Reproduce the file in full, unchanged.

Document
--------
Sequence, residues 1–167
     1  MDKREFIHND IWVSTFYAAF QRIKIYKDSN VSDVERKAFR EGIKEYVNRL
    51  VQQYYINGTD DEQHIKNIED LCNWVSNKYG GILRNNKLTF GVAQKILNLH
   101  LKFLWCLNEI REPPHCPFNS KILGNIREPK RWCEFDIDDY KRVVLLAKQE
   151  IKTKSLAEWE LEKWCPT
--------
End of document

Sequence, residues 1–167
     1  MDKREFIHND IWVSTFYAAF QRIKIYKDSN VSDVERKAFR EGIKEYVNRL
    51  VQQYYINGTD DEQHIKNIED LCNWVSNKYG GILRNNKLTF GVAQKILNLH
   101  LKFLWCLNEI REPPHCPFNS KILGNIREPK RWCEFDIDDY KRVVLLAKQE
   151  IKTKSLAEWE LEKWCPT